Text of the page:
Cover of MoneyWeek magazine issue no 750

Crushed by debt

7 July 2015 / Issue 750

If Greece tumbles out of the euro, no amount of printed money can save us, says John Stepek. Read this week's cover story here.

PLUS:
• Iran – the world’s next hot stockmarket
• Dambisa Moyo: The trouble with democracy
• How Nike’s founder turned $1,200 into $24bn


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Excerpt

Podcast – Merryn & John discuss the week’s issues

Merryn Somerset Webb and John Stepek discuss the main topics from the latest issue of the magazine, including a run-through of the summer Budget, and China’s rollercoaster stockmarket ride of the last few weeks.

Click on the image to the left to listen.

Merryn Somerset WebbEDITOR'S LETTER

Merryn Somerset Webb

Budget verdict: not too bad

This week’s Budget was well trailed. We knew George Osborne would introduce a few policies of which we thoroughly disapprove. The new inheritance tax (IHT) allowance for houses, for example. The British are quite obsessed with houses enough already. Any rise in the IHT allowance should have been a general one: what makes a “family house” more important than a favourite picture or classic car? It’s silly, to say nothing of mildly unkind to those who haven’t indulged in the UK’s top hobby of constantly upsizing and hoping to make tax-free capital gains.

Then there is the cut in pension tax relief allowance for those earning over £150,000 (tapered from £40,000 to £10,000). This will be an administrative nightmare for high earners (many of whom won’t know how much they earn in a year until that year is nearly over) and for their accountants. It’s a complicated crowd pleaser of the kind I wish governments would have the confidence to give up. And of course there are the changes to dividend tax. Why so complicated? Why not just tax dividends as income at the same rate as income and be done with it?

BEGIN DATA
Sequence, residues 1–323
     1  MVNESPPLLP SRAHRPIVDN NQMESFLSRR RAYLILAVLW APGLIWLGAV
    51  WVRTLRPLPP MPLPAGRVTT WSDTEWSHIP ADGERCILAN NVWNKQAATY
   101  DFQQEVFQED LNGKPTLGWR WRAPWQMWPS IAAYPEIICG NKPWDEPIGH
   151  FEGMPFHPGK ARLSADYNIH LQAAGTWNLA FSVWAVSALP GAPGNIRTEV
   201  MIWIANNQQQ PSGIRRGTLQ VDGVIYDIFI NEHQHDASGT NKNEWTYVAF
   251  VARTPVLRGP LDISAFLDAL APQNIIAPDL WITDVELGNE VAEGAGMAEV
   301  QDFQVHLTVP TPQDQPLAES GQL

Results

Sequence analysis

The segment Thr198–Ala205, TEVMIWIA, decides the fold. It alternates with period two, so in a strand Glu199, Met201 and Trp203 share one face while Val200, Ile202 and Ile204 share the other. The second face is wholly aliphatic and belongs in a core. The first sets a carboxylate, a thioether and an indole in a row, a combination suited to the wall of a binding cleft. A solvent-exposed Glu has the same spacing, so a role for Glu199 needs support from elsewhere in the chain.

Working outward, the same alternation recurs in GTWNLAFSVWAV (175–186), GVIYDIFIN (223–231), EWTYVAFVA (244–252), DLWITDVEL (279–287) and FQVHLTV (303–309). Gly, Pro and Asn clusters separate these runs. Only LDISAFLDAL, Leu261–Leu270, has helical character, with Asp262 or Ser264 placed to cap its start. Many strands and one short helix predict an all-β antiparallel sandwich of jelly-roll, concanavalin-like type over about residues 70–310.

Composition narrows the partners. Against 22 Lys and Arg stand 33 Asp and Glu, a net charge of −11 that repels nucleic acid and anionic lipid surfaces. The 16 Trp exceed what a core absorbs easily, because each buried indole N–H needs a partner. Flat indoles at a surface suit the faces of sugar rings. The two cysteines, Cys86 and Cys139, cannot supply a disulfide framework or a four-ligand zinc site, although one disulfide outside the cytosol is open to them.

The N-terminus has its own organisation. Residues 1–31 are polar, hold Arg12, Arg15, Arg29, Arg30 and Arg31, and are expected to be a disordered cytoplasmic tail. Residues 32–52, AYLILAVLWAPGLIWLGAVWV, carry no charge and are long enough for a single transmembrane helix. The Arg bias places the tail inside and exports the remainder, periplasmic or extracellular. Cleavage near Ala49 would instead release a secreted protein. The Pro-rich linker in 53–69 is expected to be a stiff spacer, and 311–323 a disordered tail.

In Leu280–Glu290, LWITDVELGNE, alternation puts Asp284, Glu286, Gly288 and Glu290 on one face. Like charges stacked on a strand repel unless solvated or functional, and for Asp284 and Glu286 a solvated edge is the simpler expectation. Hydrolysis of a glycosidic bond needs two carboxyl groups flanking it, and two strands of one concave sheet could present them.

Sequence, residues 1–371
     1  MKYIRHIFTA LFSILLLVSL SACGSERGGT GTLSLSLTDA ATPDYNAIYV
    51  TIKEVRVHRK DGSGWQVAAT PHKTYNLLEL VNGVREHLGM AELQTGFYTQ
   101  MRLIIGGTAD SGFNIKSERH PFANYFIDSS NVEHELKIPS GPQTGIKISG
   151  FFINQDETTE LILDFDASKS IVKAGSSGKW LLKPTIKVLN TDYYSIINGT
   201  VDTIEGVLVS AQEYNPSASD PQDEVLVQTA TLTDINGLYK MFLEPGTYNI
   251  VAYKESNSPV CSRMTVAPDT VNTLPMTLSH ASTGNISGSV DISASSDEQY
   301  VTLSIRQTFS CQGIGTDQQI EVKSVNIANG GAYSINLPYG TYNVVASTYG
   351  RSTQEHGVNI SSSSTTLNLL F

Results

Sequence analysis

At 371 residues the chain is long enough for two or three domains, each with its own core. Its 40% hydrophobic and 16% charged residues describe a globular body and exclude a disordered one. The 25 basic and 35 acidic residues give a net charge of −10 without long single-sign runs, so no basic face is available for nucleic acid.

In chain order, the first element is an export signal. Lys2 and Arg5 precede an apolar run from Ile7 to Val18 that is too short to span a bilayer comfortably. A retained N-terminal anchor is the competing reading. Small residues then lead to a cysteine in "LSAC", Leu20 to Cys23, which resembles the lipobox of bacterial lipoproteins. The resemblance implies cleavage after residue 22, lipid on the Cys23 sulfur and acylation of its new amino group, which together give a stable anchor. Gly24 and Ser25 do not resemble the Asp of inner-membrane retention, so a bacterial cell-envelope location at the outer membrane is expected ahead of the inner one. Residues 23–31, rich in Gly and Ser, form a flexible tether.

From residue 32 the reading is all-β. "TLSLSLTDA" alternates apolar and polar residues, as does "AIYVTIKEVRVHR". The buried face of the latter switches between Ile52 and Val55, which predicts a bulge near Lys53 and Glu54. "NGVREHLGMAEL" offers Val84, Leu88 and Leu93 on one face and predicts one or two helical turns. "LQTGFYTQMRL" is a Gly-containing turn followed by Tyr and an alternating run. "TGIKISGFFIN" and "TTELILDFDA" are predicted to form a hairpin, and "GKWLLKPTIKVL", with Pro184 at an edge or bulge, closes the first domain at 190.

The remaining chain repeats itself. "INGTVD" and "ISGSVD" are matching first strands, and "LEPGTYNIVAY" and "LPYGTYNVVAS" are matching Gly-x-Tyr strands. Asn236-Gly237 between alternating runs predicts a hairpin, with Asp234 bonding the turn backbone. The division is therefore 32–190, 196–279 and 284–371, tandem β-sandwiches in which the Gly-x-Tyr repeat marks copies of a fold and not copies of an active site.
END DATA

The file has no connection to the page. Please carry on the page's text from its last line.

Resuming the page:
That said, we also find quite a lot in the Budget to approve of. We have long campaigned for a rise in the minimum wage to stop the taxpayer subsidising the profits of big corporations via tax credits. So we like Osborne’s new living wage policy.

We have also often noted that it is not possible for productivity in the UK to improve without a shift from high welfare (that creates an incentive for part-time work) to higher wages. So we think we like Osborne’s reform to child tax credits, housing benefit, the benefits cap and the new obligation for the young to “work or learn”.

Finally, we’re very interested in the cut to the tax relief buy-to-let investors can claim.

• Read the full editor’s letter here: Budget verdict: not too bad